Cellphones Could Be Banned at 2012 Olympic Games

As the host of the Olympic Summer Games in 2012, London has been busy preparing security strategies for the games. For people who want to buy tickets, the London Organising Committee of the Olympic Games (LOCOG) has prepared a list of banned items for buyers.

The list of banned items includes not only firearms, ammunition, explosives and illegal drugs, but also liquids in containers of greater than 100ml in size, umbrellas, horns, whistles, drums, rattles, or any other devices that in the opinion of Locog may disturb a session. This includes mobile phones.

The more bizarre items on the list include umbrellas and large quantities of coins.

I get the ban on firearms, ammunition and explosives. But cellphones? For me, getting separated at a game in a giant stadium would be frightening. I don’t know how people went out before cellphones. My cellphone feels like an extension to my hand, and it brings a sense of comfort and security. I’m always connected and always in touch.

And umbrellas? I understand if your umbrella is one of those with the sharp point at the end of it – a jab in the butt would be pretty painful. Or you could lose an eye. But would someone really get kicked out for bringing a good old-fashioned umbrella with a rounded tip? Is it considered a potential weapon, with the ability to bludgeon everything in its path? Maybe I’m overreacting – it’s not like it ever rains in London. And the large quantities of coins? Could be I’m just naive. It’s true the bag of coins would hurt if someone swung them at you. Though it sounds more like a weapon used in a a mobster movie than a tennis match.  Perhaps there are coin shooting umbrellas we’re not aware of.

Food and drink are also banned, just like at the movie theatre where you’re not suppossed to bring your own Twizzlers because the theatre wants you to buy from them for three times the price. The difference is that at the movie theatre, there are no armed security guards making your stuff go through an airport-style X-ray.

LOCOG insisted that free water would be available to everyone, and that there are no plans to capitalize on thirsty Olympic spectators.

The 2008 Olympic Games were held by a communist country with a pretty similar list of banned items. Understandably, Beijing banned guns, grenades, gun powder and explosives. They also banned glass bottles, hot water thermoses, coolers, whistles, horns, radios, walkie-talkies, speakers, drums and sticks.

But Beijing didn’t ban cellphones. They did have a rule for transport of cellphones throughout the city for repair – the cellphone and battery had to arrive in separate packages.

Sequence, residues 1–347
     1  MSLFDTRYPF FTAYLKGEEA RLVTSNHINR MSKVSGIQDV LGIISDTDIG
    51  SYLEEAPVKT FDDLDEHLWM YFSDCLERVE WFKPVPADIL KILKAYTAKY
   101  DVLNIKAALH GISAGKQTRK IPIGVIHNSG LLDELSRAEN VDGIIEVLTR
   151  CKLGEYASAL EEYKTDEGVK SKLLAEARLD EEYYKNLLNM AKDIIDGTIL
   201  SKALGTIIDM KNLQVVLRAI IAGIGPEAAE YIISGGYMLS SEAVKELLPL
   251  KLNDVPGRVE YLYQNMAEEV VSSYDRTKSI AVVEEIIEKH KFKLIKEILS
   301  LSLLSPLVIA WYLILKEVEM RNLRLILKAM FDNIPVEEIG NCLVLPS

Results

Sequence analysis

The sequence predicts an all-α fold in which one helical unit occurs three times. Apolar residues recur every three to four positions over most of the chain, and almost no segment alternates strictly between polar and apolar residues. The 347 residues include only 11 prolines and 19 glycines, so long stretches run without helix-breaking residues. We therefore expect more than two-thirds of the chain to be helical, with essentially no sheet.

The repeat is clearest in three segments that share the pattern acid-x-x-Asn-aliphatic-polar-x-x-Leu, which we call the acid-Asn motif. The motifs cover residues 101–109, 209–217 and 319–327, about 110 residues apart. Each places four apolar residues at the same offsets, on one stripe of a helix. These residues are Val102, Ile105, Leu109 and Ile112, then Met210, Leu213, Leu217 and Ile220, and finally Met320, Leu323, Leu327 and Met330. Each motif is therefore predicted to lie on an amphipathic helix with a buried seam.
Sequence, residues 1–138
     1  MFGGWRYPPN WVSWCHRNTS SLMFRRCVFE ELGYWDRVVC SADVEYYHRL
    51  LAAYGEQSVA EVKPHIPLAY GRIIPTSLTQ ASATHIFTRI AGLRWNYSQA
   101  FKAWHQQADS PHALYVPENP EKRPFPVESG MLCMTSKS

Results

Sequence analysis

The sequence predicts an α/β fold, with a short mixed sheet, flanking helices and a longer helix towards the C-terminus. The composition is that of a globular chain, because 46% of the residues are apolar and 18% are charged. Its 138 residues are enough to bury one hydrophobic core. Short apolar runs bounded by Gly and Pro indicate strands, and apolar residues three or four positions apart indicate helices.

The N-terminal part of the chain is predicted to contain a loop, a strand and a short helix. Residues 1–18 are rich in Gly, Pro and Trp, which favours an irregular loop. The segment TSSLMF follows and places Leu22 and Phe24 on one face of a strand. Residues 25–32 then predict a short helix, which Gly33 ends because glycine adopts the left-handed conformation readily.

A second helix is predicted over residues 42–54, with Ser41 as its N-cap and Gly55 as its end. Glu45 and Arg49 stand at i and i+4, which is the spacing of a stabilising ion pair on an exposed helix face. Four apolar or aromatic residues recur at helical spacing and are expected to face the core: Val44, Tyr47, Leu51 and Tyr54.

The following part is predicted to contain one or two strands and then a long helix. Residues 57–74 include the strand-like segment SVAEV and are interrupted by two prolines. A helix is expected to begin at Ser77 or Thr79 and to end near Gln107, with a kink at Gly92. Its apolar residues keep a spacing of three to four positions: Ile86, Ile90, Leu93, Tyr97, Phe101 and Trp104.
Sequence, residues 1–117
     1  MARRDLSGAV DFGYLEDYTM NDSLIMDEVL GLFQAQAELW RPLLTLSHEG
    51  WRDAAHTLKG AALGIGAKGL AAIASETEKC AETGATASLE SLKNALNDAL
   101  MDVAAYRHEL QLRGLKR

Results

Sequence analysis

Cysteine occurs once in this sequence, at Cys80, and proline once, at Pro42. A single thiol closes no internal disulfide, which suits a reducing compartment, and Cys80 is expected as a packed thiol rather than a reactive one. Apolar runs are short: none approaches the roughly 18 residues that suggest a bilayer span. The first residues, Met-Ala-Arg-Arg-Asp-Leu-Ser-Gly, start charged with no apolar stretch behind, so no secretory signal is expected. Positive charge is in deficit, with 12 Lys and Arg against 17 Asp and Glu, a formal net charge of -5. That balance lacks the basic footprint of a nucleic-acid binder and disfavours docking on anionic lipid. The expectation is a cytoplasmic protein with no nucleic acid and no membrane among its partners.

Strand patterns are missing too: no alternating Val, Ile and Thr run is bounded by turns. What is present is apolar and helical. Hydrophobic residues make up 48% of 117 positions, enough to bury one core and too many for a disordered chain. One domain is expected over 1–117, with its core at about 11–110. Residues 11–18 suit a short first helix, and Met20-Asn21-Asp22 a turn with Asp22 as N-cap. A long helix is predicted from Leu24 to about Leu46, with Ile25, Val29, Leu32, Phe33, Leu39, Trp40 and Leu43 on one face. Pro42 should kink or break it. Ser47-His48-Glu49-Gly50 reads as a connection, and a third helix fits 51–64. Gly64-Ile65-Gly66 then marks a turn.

No final decision has been made on the list of banned items for the 2012 games. There is a good chance a mobile phone ban would only be enforced in areas where silence is required during the event, like in gymnastics and archery. That’s understandable – a Lady Gaga ringtone would disturb anyone from concentration.

if the ban does carry out, umbrella-carrying Brits attached to their cellphones might want to skip the games, before they get shaken down for the sunscreen they snagged for their kids.

[Telegraph]


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One Comment

  1. Ryan says:

    I’m just guessing, but both objects seem fairly obvious to me. 

    Coins: If you accidentally drop a large quantity of coins in a densely populated area, the resulting mob could kill people. And it’s highly likely that, if you are purchasing items with a large bag or multiple rolls of coins, you will drop them. 
    Umbrella: when you open an umbrella, dozens of steel whips move upward. When used as intended in a densely populated area, it could cause permanent blindness. 

    The average “IQ” of a person is about 100… you’re telling me you want someone with an IQ of 87 holding an umbrella in a crowd of people, on risers, who are all holding beverages?

    Overall, just remember that they aren’t banning some items because people would intentionally cause harm with them. They are banning them because it’s highly likely that, when the item is used as intended, it would hurt people. 

    Now, even though I see coins and umbrellas clear as day, I still agree with the main point of this article.. that banning cell phones is crazy. You might as well ban car keys. Or wallets. Or interacting with fiends and family. 

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